3. I love looking at these small houses, but in reality the “not-so-big”philosophy makes a lot more sense for most of us who don’t have outbuildings. Though I can’t agree with the first commenter that 4000 sq ft is Not a bit too big…that’s a ton of space! We can’t all live like that. I still look at my folks 1100 sq ft plus basement from the sixties and think how practically designed it is…even for a family with three kids and a dog and multiple sports and hobbies. Yes, we had a sewing room; no, we didn’t have a designated guest room to sit empty most of the time. Real estate should earn its keep. Now I live in 1700 sq ft or so; except for the blessing of a main floor family room, this house doesn’t function any better than the folks’, and in many ways it’s worse.

    Interestingly around here even most recreational developments have minimum square footage requirements, supposedly to stop people from bringing in park model RVs. No matter how well finished, you can’t build anything less than six or seven hundred square feet. Nobody asked me, of course, but this is utter nonsense.

    • I agree that 4000 sq ft is large. When my husband and I bought it, we looked at 1000 sq ft homes for three times what this one cost. The mortgage would have been near $800/month instead of $192. When I divorced, my income plummeted but I got the house. A house is a nice thing to have. An apt for me and three children would have been $600/mth. I did the best I could and stayed here. I assure you this whole place was not heated. It is now 110-years-old and has kept another home or apt from being built. After a few years I tried renting a room with disastrous results. The house served as a place to make a living with about four rooms devoted to sewing and only heated when I was in a specific room. A friend who was homeless after a divorce stayed here for a year.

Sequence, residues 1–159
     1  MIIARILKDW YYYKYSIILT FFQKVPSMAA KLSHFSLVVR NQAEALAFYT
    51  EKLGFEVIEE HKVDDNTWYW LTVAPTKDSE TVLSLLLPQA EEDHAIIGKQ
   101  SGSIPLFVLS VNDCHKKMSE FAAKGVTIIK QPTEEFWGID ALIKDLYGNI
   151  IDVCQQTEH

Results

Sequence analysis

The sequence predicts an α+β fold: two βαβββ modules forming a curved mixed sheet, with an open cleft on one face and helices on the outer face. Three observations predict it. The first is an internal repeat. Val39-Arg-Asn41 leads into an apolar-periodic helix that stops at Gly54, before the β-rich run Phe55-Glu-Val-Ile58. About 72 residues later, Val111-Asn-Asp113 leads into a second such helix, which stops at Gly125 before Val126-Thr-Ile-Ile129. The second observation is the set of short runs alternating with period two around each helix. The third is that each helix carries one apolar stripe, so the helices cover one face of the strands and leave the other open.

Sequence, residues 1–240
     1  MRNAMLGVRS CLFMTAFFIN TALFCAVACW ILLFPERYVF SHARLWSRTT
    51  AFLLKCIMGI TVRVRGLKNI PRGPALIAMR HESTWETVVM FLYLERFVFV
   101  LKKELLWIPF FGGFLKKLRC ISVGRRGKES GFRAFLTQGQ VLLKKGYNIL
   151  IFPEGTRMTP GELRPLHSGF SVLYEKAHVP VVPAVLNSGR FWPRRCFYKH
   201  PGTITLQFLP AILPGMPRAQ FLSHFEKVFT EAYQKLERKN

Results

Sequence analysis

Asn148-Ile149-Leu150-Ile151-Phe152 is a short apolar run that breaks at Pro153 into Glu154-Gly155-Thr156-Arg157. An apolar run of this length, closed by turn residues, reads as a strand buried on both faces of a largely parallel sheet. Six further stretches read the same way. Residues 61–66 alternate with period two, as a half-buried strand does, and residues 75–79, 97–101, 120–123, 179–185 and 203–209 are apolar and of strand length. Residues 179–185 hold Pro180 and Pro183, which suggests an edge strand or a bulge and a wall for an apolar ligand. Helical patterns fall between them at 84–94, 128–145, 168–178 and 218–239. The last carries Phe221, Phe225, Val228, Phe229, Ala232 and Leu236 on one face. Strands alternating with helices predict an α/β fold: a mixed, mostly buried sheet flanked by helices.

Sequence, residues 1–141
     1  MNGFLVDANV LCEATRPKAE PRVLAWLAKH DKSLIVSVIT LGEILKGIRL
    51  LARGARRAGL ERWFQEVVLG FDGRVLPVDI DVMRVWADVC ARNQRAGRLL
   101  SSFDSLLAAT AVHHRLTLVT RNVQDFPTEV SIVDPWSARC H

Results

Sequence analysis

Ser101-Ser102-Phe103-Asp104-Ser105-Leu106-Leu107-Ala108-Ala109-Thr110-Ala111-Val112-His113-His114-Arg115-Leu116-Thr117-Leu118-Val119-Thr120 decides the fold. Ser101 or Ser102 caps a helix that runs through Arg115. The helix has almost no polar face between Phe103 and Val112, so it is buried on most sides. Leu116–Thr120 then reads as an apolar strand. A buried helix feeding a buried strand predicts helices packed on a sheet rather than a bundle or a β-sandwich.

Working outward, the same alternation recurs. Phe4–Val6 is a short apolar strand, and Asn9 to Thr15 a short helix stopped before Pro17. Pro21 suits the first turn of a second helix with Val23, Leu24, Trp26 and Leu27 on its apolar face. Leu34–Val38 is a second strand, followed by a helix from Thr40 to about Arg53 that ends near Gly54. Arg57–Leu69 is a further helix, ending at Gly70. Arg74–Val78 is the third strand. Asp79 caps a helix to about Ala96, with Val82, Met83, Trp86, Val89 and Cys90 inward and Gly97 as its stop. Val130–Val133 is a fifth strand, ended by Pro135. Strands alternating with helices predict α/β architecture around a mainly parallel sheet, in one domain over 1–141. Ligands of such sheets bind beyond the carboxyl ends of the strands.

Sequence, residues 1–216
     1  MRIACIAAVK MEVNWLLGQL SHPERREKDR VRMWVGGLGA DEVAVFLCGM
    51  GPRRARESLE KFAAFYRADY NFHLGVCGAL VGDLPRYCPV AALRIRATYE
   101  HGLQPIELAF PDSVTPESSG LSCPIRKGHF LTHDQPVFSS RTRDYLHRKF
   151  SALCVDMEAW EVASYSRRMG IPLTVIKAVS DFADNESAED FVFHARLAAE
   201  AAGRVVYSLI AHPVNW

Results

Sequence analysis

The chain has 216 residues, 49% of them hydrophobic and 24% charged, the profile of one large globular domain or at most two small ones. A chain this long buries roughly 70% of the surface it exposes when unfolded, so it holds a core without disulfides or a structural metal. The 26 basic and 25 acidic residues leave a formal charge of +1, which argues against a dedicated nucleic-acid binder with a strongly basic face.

I got very cold some days and nights because in 1902 there was NO insulation, but having my house was worth it.

      I have a 1000 sq ft basement that is home to dampness and dirt. Raccoons and snakes have been down there. At one time I had a saw and other tools that are gone now. But, the lawnmowers, lawn tools, and other tools have their own space amids some clutter of projects unfinished.

      This house was chosen for the amount of space for less money, not because I thought I needed this size house. Also, mature oak and hickory were on the site, pines, grape arbor and was a corner lot.

    • No need to justify your choice of home to me! Though I appreciate your acknowledgement that it is generous. My point was simply that for a modern culture to be truly sustainable, our living arrangements have to both meet our needs (for room to do things as well as room to sleep, and for some privacy, too) and limit their environmental impact. Strikes me the answer is somewhere between a tiny house and a mansion.

  4. It would be nice to know some of the reviews of his other books or any write up for that matter. If he’s impressed you that much then it’s reason enough to consider the author.